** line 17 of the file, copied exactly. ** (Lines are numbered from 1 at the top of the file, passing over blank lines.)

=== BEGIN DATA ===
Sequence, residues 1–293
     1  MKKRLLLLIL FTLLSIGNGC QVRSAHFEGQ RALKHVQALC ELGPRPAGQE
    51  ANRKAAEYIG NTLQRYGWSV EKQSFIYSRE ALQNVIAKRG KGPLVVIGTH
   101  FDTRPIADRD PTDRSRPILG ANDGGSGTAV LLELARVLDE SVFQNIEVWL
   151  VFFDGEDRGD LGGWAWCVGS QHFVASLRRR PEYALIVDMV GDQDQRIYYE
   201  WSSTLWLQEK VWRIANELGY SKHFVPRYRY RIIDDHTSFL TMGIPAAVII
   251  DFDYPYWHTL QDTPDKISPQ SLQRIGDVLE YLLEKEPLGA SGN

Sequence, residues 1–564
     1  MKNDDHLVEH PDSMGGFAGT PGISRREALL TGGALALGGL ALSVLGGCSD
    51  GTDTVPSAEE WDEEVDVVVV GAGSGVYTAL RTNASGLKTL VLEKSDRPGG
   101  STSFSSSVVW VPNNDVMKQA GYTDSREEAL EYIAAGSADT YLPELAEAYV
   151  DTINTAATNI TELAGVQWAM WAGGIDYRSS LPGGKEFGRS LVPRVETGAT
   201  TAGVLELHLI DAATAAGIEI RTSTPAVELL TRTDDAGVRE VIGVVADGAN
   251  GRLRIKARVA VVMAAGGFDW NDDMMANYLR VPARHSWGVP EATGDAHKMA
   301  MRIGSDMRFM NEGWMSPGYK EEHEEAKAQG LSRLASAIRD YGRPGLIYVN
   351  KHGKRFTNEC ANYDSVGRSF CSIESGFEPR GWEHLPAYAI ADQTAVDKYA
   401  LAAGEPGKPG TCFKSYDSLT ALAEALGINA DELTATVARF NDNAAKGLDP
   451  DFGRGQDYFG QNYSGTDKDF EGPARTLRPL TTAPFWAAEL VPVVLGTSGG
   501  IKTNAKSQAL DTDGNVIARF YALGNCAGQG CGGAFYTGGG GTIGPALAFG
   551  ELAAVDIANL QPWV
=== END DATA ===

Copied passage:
   401  LAAGEPGKPG TCFKSYDSLT ALAEALGINA DELTATVARF NDNAAKGLDP